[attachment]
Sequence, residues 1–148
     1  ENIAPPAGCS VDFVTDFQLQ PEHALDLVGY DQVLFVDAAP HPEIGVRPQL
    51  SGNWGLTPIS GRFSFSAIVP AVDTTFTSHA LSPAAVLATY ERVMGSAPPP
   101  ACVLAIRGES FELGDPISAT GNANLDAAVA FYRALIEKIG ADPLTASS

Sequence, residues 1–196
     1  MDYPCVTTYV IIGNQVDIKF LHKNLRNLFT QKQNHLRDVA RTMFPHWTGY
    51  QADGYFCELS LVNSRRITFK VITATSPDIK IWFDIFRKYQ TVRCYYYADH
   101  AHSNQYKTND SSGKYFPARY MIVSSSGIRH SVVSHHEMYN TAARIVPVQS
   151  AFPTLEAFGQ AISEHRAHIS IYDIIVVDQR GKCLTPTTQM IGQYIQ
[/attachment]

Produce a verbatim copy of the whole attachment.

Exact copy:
Sequence, residues 1–148
     1  ENIAPPAGCS VDFVTDFQLQ PEHALDLVGY DQVLFVDAAP HPEIGVRPQL
    51  SGNWGLTPIS GRFSFSAIVP AVDTTFTSHA LSPAAVLATY ERVMGSAPPP
   101  ACVLAIRGES FELGDPISAT GNANLDAAVA FYRALIEKIG ADPLTASS

Sequence, residues 1–196
     1  MDYPCVTTYV IIGNQVDIKF LHKNLRNLFT QKQNHLRDVA RTMFPHWTGY
    51  QADGYFCELS LVNSRRITFK VITATSPDIK IWFDIFRKYQ TVRCYYYADH
   101  AHSNQYKTND SSGKYFPARY MIVSSSGIRH SVVSHHEMYN TAARIVPVQS
   151  AFPTLEAFGQ AISEHRAHIS IYDIIVVDQR GKCLTPTTQM IGQYIQ